Symptomatically, this manifest as rigor, an inability to move or coordinate movements or to speak, and mild hyperventilation.

It was the most intense pain I have ever felt and, unless I do retain youthful world angst and go the way of Mishima, likely the worst pain I shall ever experience. Even if I should happen across some other illness or injury of comparative nociceptive activity, at least I know my brain has some kind of automatic pain-shutdown that comes into effect. Which is certainly of some comfort.

Anyway, back to the back seat of the taxi, I'm writhing and panting like I'm going to die at any moment, and the poor taxi driver is hoping he won't have a dead foreigner to explain to the police. We get to the hospital and I awkwardly throw my wallet at the driver, not caring whether he takes all my cash and my credit cards. He helps me into reception.

Reception lady in the emergency entrance asks, "Do you have insurance?"
".... yes.... but..."
"Do you have an insurance card?"
[whole body shaking, barely standing, hyperventilating] ".... check.... my... wallet..."
[she checks it, but it isn't in there] "You don't have a card, please fill out this form..."
"I've got the fucking money just treat me you lunatic!"

No, I didn't say that. Nurses came and plonked me into a chair and wheeled me away from the [charming] lady, got me on a bed and from then on it was like ER. Doctor, young man, asks me some questions and as I reply in Japanese I am aware of being pleased with myself for maintaining some mental decorum whilst under such pain; the other time I saw a man moaning on a hospital bed like this he was dying from an abdominal aortic aneurysm and he was incoherent. The doctor quite quickly suspects a kidney stone, confirms enlarged right kidney with ultrasound (I don't think he could see the stone with that), they give me a suppository for the pain and soon I am quite mellow, lying in my own bay, thinking what an exciting experience this has all been.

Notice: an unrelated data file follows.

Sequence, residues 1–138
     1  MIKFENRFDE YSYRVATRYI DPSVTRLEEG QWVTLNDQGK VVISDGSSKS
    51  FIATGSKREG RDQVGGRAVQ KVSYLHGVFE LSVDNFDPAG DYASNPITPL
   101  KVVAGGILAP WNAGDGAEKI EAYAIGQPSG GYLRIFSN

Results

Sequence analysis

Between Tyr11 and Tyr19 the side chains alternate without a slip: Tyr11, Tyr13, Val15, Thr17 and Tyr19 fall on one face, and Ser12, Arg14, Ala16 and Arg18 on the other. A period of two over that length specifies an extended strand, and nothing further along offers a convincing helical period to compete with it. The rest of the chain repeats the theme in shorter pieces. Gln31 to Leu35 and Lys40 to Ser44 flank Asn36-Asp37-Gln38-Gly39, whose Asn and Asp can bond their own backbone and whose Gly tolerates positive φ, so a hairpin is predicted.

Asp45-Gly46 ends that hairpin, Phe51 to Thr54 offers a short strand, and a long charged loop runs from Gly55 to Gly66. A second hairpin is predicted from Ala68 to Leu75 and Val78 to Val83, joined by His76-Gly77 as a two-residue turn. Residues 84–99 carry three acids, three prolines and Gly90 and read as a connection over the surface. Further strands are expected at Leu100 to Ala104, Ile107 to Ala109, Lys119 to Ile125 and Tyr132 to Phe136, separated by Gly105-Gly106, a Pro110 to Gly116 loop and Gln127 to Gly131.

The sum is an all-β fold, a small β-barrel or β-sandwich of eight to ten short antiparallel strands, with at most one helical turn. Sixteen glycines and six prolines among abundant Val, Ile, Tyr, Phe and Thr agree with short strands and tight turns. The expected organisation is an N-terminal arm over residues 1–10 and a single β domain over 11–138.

They give me two abdominal x-rays and an x-ray CAT scan to confirm the diagnosis. Older doctor shows me the stone on the CAT scan. He tells me it will hurt again when it comes out. I want to ask him some questions. What kind of stone is it? He says of course it is a calcium stone (I think he is bullshitting, it probably was, but even the next doctor I go to wants to test the stone to check). What caused the stone? He has no idea. What can I do? Nothing, just wait. Nice work doc.

I got some more morphine suppositories, and then go to work. Not being happy with this hospital, I got to another for follow up. Next one is much better, but they couldn't keep to the damn schedule and I have work to go to, so I don't bother going back there either. (Seriously, don't get me started on doctors, I've heard dozens of stories from students on doctors, to add to my own, who make mistakes, once fatally, over prescribe medicine, and are even drunk on duty). At no point did any healthcare professional (cough) give me any advice other than what was written on a leaflet (drink lots of water). Total bill for symptomatic treatment (which is all doctors can do 90% of the time): $400